Marco Tarafa was stunned to find that his homeowners' policy is increasing by nearly $1,000 a year — all because inspectors couldn't get into his attic, where there was no crawl space and about 24 inches of insulation.
Tarafa was a customer of state-backed Citizens Property Insurance Corp. for eight years, and his rates had been stable over much of that time — until now. Tarafa pays $2,200 for his policy on his 1,800-square-foot, ranch-style home in Miami Gardens. Unless something changes between now and when the policy renews in May, he's looking at a $980 increase, a hike of nearly 45 percent.
"Just because of that, they can't get into my roof!" Tarafa said.
He is among thousands of Florida homeowners forced to take coverage offered by Citizens and a target for being moved to another company in Citizens' attempts to downsize.
For Tarafa and millions of other Florida businesses and homeowners, property insurance rates keep soaring even though a hurricane hasn't made a direct hit over the state in seven years.
The average Florida homeowner is paying twice as much for insurance than just six years ago, according to industry statistics. In some areas, the increases are much higher.
Data from the New York-based Insurance Information Institute shows homeowners' claims are up by an average of more than 17 percent over the past decade. They are virtually all due to non-catastrophe claims involving water. In many instances, they are claims for issues ranging from leaky toilets to burst water heaters. Florida's rates have also been hurt by soaring claims on losses from sinkholes.
A more industry-friendly Office of Insurance Regulation pressured by Gov. Rick Scott and a Republican-led Legislature means consumers pay more.
"It's a dangerous day in Florida when the Office of Insurance Regulation turns into the office of blind trust because they lack the resources to independently verify form filings from insurance companies," said Sean Shaw, a Tampa attorney and self-styled consumer advocate associated with a firm that frequently litigates on behalf of policyholders.
There is little competition in the Florida property insurance market because many consumers can buy from only one company — usually Citizens. Founded by the Legislature in 2002 for homeowners who could not get private policies, it has become the state's largest property insurance company with more than 1.3 million customers after shedding some 160,000 policies in recent weeks to private companies.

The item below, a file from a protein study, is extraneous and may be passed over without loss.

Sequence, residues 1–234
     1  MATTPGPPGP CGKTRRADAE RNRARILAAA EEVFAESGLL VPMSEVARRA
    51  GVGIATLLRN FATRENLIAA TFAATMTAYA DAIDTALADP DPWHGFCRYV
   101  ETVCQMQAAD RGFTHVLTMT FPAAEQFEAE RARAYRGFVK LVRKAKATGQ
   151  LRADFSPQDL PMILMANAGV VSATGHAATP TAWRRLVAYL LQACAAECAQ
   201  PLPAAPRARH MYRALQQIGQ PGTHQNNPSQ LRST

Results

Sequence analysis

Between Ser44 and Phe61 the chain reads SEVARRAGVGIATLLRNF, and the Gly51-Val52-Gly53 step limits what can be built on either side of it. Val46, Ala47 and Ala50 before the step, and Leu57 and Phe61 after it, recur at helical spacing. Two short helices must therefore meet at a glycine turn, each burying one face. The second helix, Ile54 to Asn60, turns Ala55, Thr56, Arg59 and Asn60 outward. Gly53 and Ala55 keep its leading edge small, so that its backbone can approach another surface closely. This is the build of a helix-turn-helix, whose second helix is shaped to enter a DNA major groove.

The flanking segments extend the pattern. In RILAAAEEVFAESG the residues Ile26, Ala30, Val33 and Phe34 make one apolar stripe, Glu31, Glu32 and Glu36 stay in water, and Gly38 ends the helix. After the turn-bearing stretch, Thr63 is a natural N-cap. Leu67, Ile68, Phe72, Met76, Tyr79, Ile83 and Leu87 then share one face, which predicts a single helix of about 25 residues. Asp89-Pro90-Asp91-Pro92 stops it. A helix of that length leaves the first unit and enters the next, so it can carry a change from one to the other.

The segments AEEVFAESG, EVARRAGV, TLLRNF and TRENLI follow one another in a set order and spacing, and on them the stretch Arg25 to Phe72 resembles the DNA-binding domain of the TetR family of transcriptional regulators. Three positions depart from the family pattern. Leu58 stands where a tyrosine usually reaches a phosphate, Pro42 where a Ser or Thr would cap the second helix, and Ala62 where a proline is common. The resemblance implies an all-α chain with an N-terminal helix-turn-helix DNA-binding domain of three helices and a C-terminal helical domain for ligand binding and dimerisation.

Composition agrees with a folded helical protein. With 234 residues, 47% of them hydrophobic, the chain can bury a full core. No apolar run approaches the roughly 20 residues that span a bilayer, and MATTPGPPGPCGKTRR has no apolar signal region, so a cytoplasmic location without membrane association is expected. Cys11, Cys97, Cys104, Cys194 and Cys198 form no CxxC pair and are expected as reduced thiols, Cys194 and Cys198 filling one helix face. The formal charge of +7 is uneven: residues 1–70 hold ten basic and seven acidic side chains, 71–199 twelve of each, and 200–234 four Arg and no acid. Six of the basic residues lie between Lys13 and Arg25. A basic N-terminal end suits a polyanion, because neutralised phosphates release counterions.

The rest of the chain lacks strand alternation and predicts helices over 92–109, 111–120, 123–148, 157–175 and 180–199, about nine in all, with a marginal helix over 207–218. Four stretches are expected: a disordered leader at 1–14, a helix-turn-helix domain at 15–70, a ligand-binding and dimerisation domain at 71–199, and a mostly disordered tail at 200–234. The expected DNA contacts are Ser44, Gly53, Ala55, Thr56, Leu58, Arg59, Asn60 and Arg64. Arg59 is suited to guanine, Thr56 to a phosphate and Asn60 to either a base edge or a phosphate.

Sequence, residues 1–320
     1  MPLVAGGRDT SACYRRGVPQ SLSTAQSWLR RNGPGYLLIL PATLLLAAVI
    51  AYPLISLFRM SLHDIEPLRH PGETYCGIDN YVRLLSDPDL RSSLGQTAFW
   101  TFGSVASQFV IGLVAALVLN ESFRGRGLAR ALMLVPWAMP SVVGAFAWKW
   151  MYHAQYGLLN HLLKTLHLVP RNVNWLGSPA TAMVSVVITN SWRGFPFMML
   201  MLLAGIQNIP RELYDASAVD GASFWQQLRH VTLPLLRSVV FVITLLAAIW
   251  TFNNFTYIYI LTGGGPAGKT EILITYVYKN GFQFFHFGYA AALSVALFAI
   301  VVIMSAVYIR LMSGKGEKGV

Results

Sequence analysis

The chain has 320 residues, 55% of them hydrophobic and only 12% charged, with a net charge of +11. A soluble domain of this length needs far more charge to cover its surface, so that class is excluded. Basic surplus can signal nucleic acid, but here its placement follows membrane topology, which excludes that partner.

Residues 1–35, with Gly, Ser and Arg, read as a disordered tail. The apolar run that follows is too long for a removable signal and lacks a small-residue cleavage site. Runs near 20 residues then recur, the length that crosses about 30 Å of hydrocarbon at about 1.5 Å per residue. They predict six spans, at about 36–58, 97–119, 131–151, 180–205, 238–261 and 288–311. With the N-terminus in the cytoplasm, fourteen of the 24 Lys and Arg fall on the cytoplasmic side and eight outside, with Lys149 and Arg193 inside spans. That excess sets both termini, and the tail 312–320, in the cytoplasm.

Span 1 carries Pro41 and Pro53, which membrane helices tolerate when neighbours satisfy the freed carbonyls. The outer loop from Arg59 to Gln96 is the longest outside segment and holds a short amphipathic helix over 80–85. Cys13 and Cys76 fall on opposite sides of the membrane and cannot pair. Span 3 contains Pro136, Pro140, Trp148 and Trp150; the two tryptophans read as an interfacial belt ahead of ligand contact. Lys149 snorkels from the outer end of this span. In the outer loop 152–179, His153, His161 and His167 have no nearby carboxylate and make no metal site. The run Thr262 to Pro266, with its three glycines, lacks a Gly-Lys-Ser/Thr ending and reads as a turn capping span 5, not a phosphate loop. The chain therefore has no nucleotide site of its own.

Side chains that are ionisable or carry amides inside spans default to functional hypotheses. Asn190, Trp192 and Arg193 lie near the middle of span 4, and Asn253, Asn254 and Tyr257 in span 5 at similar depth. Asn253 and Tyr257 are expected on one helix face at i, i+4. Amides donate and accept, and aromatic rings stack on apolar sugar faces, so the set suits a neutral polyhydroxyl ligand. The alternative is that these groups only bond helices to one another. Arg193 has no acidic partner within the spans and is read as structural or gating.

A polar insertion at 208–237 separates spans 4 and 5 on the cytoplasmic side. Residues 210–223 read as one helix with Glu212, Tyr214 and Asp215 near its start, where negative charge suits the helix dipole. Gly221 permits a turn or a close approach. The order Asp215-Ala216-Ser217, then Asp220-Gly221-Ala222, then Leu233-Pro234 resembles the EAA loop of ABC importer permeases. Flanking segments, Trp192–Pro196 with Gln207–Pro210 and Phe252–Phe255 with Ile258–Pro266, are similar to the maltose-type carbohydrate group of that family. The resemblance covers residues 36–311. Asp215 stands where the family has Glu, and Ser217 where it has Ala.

Scott and the Legislature are anxious for Citizens' to reduce its overall liability, which would exceed its ability to pay off in the aftermath of a catastrophe.
"Gov. Scott, of course, wants premiums to go up and he wants Citizens to be depopulated at any cost to the policyholder," said state Rep. Mike Fasano, whose west Florida district encompasses the highest concentration of Citizens' policy owners in the state. "Citizens is only there because, unfortunately, so many couldn't find insurance anywhere else."
And while its premiums have risen by an average of 8.1 percent statewide over the last four years, some, including new president Barry Gilway, say the company still doesn't charge market rates and needs to raise them to a point comparable to what a private company would charge. That puts Gilway, who has 40 years of experience in private insurance, right into the crosshairs of politicians who generally abhor any rate increases being passed along to their constituents.
Citizens' says it would need a 16.4 percent premium increase on all products in 2013 to be actuarially sound.
John Rollins, an actuary and member of Citizens' governing board, said Citizens is "a competitive drag" on private insurance and calls on the Legislature to return it to a safety net insurer with a comprehensive reform bill.
But it seems the more lawmakers try to make Citizens smaller, the bigger it gets.
Lisa Miller, a former deputy insurance commissioner who now is an industry consultant, said more private companies would sell policies in Florida if Citizens were made smaller or dissolved.
"Competing with government is impossible, and private companies know that — whether companies sell insurance or hamburgers," Miller said. "Florida's policymakers are working to find a way to reduce Citizens and the government's competitive edge in the insurance business, and we must make that happen — soon."
But that's proving to be easier said than done.
Many Citizens' customers aren't enamored with the idea of moving to a private insurer. Jason Carpenter, a 30-year-old field manager for a Brooksville company, is one. He refused to give up his Citizens' coverage to become a customer of Florida Peninsula because he felt it would be only a matter of time before his rates would increase and coverage decrease with the new carrier.
"I know exactly what's going to happen," Carpenter said. "They'd basically create their own terms."
But Carpenter couldn't afford to add sinkhole coverage with Citizens either and instead opted for a cheaper catastrophic ground collapse policy.
Regardless, he was more comfortable with Citizens.
"If you have a claim, you have better odds of the funds being there with Citizens, whether you settle or come to an understanding on repairs," he said.
But that's not always the case, as one Miami Gardens retiree found out in recent years.
Frank Gomez, 67, battled Citizens for nearly two years before getting some satisfaction on a claims settlement.
Gomez said a sewage line burst beneath the kitchen floor in his 40-year-old, four-bedroom ranch home, and he needed a public adjuster and attorney before finally receiving a $40,000 settlement. After paying the public adjuster his 20 percent — $8,000 — Gomez said he had enough money to pay for approximately half of his loss.
"Believe me, it was terrible," Gomez said.